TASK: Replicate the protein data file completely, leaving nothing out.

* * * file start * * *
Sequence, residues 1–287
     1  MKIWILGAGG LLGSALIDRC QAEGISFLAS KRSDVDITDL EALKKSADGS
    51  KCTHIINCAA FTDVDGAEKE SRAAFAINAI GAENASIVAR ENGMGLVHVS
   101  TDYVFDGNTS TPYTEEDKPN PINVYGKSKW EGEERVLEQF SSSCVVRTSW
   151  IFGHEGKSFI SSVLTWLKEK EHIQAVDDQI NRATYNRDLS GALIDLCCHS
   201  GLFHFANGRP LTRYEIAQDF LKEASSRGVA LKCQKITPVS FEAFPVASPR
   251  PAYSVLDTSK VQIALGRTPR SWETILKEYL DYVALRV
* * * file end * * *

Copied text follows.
Sequence, residues 1–287
     1  MKIWILGAGG LLGSALIDRC QAEGISFLAS KRSDVDITDL EALKKSADGS
    51  KCTHIINCAA FTDVDGAEKE SRAAFAINAI GAENASIVAR ENGMGLVHVS
   101  TDYVFDGNTS TPYTEEDKPN PINVYGKSKW EGEERVLEQF SSSCVVRTSW
   151  IFGHEGKSFI SSVLTWLKEK EHIQAVDDQI NRATYNRDLS GALIDLCCHS
   201  GLFHFANGRP LTRYEIAQDF LKEASSRGVA LKCQKITPVS FEAFPVASPR
   251  PAYSVLDTSK VQIALGRTPR SWETILKEYL DYVALRV